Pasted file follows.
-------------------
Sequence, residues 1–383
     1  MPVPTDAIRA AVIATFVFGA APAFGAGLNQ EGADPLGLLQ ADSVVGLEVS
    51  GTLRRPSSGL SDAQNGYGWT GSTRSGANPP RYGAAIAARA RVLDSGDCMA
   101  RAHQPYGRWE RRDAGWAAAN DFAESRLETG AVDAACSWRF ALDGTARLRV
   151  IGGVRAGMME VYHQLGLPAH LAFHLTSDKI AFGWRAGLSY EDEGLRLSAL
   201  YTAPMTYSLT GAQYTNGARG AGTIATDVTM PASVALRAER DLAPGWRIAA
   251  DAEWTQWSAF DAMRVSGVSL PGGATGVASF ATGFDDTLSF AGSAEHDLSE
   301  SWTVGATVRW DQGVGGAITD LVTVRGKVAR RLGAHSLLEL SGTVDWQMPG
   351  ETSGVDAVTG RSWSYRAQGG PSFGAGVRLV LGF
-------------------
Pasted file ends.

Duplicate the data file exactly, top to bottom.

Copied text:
Sequence, residues 1–383
     1  MPVPTDAIRA AVIATFVFGA APAFGAGLNQ EGADPLGLLQ ADSVVGLEVS
    51  GTLRRPSSGL SDAQNGYGWT GSTRSGANPP RYGAAIAARA RVLDSGDCMA
   101  RAHQPYGRWE RRDAGWAAAN DFAESRLETG AVDAACSWRF ALDGTARLRV
   151  IGGVRAGMME VYHQLGLPAH LAFHLTSDKI AFGWRAGLSY EDEGLRLSAL
   201  YTAPMTYSLT GAQYTNGARG AGTIATDVTM PASVALRAER DLAPGWRIAA
   251  DAEWTQWSAF DAMRVSGVSL PGGATGVASF ATGFDDTLSF AGSAEHDLSE
   301  SWTVGATVRW DQGVGGAITD LVTVRGKVAR RLGAHSLLEL SGTVDWQMPG
   351  ETSGVDAVTG RSWSYRAQGG PSFGAGVRLV LGF